Photographers Boone Rodriguez and Luke Leasure traveled last month to McArthur, California to spend a few days with an extraordinary family of ranchers in the heart of the valley.
McArthur is a census-designated town located in the southwestern region of Shasta County. Home to a mere 338 individuals. McArthur is, in many ways, quintessential small town America – a community filled with hardworking families and timeless traditions dating back to the days of folklore in the wild west. Life in McArthur is simple. And its residents embody the spirit of their hometown pride.
The town was founded in the late 1800’s when John McArthur settled in Northern California to start a general store for the locals, dubbed John McArthur Mercantile. Shortly thereafter, Mr. McArthur purchased a significant amount of land and fathered the town into existence by establishing a post office to get mail to his employees. Over the next 100 years, the town and its expanding businesses have been passed down through generations.
Today, the family operations are run by George and Chris McArthur – and it is this family who graciously took us city-dwelling photographers into their home, allowing us to step sideways into another world to live and breath as the McArthurs live and breathe.
Well, for two days that is.
During our stay, we captured the town in the only way one can truly capture life on a farm – by working. We drove cattle on horseback, learned the ins and outs of the livestock business, tended to a variety of animals, and checked in on the farm supply store in town (McArthur Farm Supply). And no small-town trip would be complete without a community fundraiser for the local high school, abundant with country-style cooking and a good old fashioned sniper rifle competition. It was like slipping into another world. Like some kind of foreign culture of which we knew very little.
But beyond the surprisingly diminutive populous, the rolling landscape, and the alien way of life, we discovered that our notion of the proverbial cowboy was way off. The days of the gruff Marlboro man have been replaced by an equally hardworking, yet robustly educated and technologically advanced cowboy. RFID tags allow for tracking cattle and their health throughout their lifetime. GPS-guided tractors track plots of land, pinpointing the exact areas that need tending and in what order. And when they’re not driving cattle or riding tractors, these farmers aren’t praying for rain, they’re utilizing Masters Degrees in Bioengineering to develop new ways to maximize the efficiency of crop yield and minimize the use of pesticides (though, as any farmer will tell you, there’s always a little praying involved).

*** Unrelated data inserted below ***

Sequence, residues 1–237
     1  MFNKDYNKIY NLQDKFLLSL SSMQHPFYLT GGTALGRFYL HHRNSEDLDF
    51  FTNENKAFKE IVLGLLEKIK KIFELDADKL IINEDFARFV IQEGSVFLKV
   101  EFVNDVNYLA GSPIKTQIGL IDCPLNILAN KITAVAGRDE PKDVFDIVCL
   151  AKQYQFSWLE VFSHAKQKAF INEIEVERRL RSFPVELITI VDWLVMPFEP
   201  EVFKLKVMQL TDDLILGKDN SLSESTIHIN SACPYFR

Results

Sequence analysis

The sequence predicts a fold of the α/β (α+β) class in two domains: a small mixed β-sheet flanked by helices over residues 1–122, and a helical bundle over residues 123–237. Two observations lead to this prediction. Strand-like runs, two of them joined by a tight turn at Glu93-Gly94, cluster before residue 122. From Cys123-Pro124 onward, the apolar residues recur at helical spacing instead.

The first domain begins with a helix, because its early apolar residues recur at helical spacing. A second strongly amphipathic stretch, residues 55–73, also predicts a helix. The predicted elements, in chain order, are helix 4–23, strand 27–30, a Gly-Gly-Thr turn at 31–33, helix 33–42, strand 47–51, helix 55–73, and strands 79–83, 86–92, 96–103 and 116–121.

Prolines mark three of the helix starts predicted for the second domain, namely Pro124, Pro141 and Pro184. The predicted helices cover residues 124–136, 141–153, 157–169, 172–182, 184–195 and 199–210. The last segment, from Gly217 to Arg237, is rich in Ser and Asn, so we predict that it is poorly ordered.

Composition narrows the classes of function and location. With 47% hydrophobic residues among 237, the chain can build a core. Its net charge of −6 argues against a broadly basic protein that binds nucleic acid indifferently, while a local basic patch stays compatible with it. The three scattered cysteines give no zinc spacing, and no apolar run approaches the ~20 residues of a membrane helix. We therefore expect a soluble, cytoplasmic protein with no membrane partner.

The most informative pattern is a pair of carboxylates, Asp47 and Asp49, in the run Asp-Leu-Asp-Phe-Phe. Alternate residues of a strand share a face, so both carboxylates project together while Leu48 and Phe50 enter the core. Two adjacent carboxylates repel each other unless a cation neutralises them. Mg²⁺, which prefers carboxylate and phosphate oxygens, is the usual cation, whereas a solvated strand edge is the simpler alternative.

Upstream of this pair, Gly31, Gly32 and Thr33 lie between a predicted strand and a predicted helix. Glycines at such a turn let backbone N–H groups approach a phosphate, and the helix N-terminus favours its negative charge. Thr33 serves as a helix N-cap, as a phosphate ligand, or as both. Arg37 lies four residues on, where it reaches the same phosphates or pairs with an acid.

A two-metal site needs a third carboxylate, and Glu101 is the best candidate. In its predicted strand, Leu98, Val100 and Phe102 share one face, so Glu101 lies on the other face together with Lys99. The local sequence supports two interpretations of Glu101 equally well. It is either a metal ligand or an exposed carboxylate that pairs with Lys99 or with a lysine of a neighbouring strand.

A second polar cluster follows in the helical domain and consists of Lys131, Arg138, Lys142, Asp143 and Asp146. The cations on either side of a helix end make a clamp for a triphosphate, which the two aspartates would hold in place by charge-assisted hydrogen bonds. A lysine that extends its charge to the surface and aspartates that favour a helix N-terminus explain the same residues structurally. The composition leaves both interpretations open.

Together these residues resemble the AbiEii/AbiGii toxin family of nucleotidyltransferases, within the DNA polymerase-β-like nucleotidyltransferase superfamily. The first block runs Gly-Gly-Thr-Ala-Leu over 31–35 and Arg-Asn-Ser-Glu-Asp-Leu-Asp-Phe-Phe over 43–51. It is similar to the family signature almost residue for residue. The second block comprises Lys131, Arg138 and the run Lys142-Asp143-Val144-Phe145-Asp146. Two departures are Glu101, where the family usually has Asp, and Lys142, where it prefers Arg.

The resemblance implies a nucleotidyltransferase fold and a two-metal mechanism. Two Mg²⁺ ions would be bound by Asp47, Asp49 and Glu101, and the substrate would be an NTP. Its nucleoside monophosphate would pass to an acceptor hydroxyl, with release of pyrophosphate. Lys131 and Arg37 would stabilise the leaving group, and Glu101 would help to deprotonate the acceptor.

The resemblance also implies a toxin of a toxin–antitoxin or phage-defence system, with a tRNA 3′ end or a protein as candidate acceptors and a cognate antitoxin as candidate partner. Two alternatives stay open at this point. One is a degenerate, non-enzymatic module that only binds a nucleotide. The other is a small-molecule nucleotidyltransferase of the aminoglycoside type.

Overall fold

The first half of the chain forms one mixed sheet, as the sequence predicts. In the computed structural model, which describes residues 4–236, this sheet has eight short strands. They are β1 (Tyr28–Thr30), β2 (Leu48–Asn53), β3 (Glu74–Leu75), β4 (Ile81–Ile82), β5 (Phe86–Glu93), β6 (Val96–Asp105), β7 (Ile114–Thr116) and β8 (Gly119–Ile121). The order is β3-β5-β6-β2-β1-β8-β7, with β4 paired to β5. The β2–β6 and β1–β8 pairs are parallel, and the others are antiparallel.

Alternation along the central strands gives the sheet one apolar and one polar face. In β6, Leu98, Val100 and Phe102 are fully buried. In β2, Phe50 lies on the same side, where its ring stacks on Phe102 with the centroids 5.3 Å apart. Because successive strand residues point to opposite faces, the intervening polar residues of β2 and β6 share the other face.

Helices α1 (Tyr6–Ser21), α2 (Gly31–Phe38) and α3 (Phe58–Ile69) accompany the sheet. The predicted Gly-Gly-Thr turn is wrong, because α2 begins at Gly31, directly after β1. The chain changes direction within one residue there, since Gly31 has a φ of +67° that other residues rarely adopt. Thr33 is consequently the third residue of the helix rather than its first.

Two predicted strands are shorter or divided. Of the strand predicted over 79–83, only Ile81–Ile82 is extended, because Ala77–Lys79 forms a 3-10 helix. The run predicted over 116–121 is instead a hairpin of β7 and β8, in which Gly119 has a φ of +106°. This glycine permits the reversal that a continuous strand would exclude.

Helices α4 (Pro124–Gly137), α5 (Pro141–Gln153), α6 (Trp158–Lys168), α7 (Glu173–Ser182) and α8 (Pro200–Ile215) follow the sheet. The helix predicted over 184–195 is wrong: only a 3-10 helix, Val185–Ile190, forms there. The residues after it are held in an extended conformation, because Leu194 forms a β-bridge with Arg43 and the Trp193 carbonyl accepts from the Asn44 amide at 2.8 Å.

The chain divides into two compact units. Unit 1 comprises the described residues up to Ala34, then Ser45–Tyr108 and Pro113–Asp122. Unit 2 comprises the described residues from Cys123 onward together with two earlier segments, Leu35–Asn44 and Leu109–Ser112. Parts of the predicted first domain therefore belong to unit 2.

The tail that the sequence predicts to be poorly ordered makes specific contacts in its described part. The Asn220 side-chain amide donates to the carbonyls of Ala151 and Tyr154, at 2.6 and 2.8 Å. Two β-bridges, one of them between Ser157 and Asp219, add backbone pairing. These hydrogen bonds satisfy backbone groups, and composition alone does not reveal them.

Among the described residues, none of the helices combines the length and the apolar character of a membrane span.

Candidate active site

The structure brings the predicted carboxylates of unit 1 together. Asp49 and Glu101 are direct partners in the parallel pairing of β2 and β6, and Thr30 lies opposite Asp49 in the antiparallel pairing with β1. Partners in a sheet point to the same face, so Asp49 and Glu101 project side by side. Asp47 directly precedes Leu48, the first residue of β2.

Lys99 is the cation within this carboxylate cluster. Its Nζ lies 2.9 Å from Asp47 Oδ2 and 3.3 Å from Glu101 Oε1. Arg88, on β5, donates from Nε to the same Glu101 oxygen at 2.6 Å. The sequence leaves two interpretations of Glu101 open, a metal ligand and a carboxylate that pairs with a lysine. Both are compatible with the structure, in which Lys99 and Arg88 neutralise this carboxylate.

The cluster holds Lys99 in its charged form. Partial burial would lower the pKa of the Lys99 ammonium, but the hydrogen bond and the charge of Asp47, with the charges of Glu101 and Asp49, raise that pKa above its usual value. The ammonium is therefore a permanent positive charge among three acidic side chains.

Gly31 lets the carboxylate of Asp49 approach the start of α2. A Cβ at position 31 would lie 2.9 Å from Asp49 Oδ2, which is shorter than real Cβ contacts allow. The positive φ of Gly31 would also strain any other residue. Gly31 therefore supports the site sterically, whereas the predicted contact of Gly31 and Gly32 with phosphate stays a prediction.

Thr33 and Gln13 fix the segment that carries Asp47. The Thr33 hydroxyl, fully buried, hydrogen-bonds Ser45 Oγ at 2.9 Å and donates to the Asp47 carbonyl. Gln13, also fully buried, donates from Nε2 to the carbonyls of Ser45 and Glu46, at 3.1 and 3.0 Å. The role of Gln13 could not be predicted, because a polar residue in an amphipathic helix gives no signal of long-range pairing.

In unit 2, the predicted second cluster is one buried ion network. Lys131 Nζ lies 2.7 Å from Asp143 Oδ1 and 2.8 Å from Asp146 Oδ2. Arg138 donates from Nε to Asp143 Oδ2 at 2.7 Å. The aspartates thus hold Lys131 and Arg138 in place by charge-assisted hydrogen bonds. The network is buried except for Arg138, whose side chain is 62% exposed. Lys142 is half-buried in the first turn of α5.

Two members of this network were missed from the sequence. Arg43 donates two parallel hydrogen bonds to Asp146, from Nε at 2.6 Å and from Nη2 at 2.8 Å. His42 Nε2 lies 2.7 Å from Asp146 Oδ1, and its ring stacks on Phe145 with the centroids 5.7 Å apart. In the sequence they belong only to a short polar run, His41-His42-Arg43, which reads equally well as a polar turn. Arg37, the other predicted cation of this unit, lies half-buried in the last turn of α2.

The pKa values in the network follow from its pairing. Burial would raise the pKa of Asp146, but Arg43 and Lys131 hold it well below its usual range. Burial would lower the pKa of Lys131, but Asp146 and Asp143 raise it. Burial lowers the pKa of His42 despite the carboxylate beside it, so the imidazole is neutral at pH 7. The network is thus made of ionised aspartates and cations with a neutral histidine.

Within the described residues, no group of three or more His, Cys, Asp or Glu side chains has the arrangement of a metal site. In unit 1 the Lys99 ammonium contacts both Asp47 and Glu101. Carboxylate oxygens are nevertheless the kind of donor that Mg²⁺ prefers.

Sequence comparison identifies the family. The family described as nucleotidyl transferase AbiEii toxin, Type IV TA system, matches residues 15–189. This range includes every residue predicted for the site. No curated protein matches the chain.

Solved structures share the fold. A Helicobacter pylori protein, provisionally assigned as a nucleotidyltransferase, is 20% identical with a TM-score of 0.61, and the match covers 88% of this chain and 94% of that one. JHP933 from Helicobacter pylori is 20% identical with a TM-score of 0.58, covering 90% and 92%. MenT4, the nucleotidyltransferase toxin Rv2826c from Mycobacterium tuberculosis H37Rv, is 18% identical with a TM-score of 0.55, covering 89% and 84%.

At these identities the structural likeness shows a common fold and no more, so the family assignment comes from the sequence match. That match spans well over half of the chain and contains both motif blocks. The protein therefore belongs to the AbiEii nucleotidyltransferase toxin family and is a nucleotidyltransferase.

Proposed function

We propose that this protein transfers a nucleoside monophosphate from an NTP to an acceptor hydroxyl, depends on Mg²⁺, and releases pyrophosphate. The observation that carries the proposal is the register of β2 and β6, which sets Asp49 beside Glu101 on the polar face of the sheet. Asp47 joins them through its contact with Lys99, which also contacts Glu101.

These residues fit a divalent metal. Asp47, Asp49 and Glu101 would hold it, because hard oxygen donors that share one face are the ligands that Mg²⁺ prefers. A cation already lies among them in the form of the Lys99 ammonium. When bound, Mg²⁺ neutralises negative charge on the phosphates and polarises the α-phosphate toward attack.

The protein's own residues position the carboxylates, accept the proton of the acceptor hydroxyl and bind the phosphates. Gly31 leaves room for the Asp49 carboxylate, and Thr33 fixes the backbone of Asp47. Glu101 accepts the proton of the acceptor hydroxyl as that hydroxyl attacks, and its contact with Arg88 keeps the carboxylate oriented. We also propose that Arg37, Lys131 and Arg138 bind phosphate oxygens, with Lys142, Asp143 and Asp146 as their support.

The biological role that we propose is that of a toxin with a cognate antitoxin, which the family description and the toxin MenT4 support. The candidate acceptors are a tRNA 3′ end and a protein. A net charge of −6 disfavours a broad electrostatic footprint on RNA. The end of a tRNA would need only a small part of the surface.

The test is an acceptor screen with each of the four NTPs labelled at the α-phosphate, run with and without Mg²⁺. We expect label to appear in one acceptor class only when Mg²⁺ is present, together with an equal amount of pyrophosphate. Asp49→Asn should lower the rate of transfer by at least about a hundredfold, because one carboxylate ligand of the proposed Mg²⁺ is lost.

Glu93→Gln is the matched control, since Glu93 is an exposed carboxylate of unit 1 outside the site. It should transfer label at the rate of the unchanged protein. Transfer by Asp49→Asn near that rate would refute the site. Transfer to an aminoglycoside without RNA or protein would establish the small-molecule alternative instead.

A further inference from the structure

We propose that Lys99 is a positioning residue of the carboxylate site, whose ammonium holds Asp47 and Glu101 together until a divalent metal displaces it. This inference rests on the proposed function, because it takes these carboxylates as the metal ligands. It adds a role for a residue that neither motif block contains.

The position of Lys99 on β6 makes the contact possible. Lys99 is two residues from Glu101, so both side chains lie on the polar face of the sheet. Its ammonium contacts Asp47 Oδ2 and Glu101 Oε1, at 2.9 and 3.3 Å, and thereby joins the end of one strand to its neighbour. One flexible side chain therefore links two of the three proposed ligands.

But beyond their articulate vocabularies and laser leveled plots of land (replete with underground irrigation systems), the most memorable conversations we had were around George McArthur’s dedication to running a sustainable and employee-driven enterprise. George spoke with immense pride on the living and working conditions that he and his family have provided to the countless individuals they’ve employed over the years. One of Mr. McArthur’s greatest accomplishments is knowing that the hard work of his family and their staff has created an opportunity for everyone to receive decent wages and respectable housing for their families, many of whom have migrated from Mexico to California in hopes of making a better life for themselves.
Ultimately, we didn’t find ourselves surrounded by the ‘John Wayne’ cowboys of Hollywood. Rather, we found ourselves surrounded by a dynamic community who welcomed us with open arms. We received home cooked meals, warm beds, and a brief and beautiful glimpse into their world. After a short but exhausting 48-hours, we left with a little piece of McArthur tucked away permanently in our hearts (and a few bruises from falling off a horse), along with the open invitation to come back and visit our ‘extended family’ any time again in the future.
We’ll be back, McArthur.